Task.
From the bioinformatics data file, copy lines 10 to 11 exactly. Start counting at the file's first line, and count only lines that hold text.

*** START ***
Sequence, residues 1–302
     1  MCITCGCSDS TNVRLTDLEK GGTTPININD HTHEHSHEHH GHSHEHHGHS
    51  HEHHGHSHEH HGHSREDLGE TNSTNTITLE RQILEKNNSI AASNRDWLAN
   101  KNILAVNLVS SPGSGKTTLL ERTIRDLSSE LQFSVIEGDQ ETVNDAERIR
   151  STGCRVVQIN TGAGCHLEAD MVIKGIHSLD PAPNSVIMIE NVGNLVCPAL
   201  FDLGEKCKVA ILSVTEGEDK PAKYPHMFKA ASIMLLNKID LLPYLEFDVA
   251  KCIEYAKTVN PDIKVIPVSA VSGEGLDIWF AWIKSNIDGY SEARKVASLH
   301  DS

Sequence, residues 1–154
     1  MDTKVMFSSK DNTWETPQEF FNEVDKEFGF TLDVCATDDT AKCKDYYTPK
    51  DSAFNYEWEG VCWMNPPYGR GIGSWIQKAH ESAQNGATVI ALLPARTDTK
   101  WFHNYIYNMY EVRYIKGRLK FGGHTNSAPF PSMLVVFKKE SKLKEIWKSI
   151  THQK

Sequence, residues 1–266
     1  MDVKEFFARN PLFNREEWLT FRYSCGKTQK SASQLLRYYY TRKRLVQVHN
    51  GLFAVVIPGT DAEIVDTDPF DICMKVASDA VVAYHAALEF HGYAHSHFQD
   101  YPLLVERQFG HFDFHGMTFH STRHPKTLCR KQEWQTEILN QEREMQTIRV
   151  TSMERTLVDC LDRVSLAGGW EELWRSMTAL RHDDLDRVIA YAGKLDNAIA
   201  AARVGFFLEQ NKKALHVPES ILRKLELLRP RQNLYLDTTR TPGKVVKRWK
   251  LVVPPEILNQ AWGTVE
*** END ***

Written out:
     1  MDTKVMFSSK DNTWETPQEF FNEVDKEFGF TLDVCATDDT AKCKDYYTPK
    51  DSAFNYEWEG VCWMNPPYGR GIGSWIQKAH ESAQNGATVI ALLPARTDTK